COVID-19: Executing Simple Agreements and Deeds Remotely Under English Law
- Social distancing restrictions in place to combat the COVID-19 pandemic mean that the majority of people working in financial institutions, leasing companies, law firms and the corporate departments of airlines and other aircraft operators, among others, are working remotely from home.
- Aircraft finance and leasing transactions are still taking place, airline deferrals and restructurings need to be documented, contractual disputes are ongoing, corporate jets continue to be traded and corporate approvals still need to be obtained, and so there are vast numbers of documents that still need to be executed on a daily basis even if all authorized signatories are at home.
- This Holland & Knight alert provides an overview of the various ways to execute documents under English law, including the legal position in relation to electronic signatures, particularly in relation to deeds that require signatures to be witnessed in most cases.
Amid the social distancing restrictions and shelter-at-home orders caused by the COVID-19 crisis, many workers involved in the aircraft finance and leasing industry are working remotely. Transactions and restructurings are still taking place, and vast numbers of documents still must be executed on a daily basis even if all authorized signatories are at home.
Below is an overview of ways to execute documents under English law, including the legal position in relation to electronic signatures, as well as to deeds that require signatures to be witnessed in most cases.
A. Simple Agreements
Under English law, a binding agreement requires certain key elements – offer, acceptance, consideration, intention to create legal relations and certainty of terms.
Surprisingly, it is not actually necessary that the agreement be made in writing or in any other particular form in order to be legally binding, so long as the above key elements are satisfied (save for a few statutory exceptions, i.e., guarantees1 and assignments2 – and others beyond the scope of this alert, e.g., the sale of land).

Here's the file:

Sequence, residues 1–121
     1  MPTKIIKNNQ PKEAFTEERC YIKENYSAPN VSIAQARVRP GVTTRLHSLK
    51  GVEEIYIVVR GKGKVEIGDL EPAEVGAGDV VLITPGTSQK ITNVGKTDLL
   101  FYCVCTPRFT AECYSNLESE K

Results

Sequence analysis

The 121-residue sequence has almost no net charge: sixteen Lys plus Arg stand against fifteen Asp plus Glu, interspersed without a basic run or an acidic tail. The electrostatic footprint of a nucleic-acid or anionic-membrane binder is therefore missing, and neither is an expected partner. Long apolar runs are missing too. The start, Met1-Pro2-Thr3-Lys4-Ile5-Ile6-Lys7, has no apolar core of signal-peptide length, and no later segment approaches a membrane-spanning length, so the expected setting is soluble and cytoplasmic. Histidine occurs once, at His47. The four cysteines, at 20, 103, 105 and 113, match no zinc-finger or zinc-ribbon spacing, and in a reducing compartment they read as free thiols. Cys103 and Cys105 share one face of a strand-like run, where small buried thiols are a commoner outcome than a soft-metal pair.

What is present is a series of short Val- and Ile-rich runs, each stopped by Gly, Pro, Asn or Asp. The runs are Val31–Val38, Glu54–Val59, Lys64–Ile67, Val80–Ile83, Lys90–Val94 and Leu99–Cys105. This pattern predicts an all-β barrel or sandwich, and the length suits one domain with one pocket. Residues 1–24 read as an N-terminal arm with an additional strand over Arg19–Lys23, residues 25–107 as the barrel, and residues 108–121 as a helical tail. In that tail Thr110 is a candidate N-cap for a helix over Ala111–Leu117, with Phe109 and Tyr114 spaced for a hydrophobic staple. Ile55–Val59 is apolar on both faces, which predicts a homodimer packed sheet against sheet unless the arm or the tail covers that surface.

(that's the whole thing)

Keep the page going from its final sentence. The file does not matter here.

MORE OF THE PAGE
In addition, as there is no legal requirement for the agreement to be in writing or in any other particular form, then it follows that there is no legal requirement for the agreement to be signed/executed in any particular way.
However, as everyone knows, it is common practice (and has been for centuries) for parties to elect to record their agreement in a written form that is signed on behalf of the parties. This is in the interests of certainty of terms and for evidential reasons.
Whether the mark made by a signatory to an agreement is sufficient to bind the relevant party depends on whether the mark was intended to bind it, and the actual type of mark is less important. This is known as function over form. So, the signatory can, for example, copy and paste a scan of his or her signature, sign with an 'X', use an electronic signing platform or use the pen function in Adobe to sign.
There are a number of European Union (EU) directives and United Kingdom regulations governing the use of electronic signatures dating from 1999 to 2016, which are beyond the scope of this alert. Helpfully, a 2019 report issued by the Law Commission in England3 considers them all and confirms that the current law permits the use of an electronic signature to execute agreements as a valid alternative to handwritten ones.
It is widely and generally accepted under English law, therefore, that a signatory can sign an agreement using an electronic signature. There are some exceptions, but these are also beyond the scope of this alert, i.e., certain land transactions.
A signatory working remotely, can sign an agreement by hand or electronically.
What if the agreement must be executed in the form of a deed, i.e., if there is a concern regarding consideration, there is a desire to avail of the longer limitation periods4 or the agreement contains a power of attorney in the body of it or is one?5
Note that there are other significant reasons why an agreement must be executed as a deed, but a discussion in relation to those is again beyond the scope of this alert).
A deed must be in writing, it must be clear from the face of it that it is intended to be executed as a deed, it must be validly executed (which usually means being signed and witnessed), and it must be delivered.
There is no flexibility on the above, as it is common and statutory law.6
There is no law that stipulates who should and who should not act as the witness, but it is best and common practice for the witness to be independent and of age. The witness is verifying that the particular document was signed, when and by whom, and not the contents of the document itself, and so the witness needs only to be capable of understanding those concepts.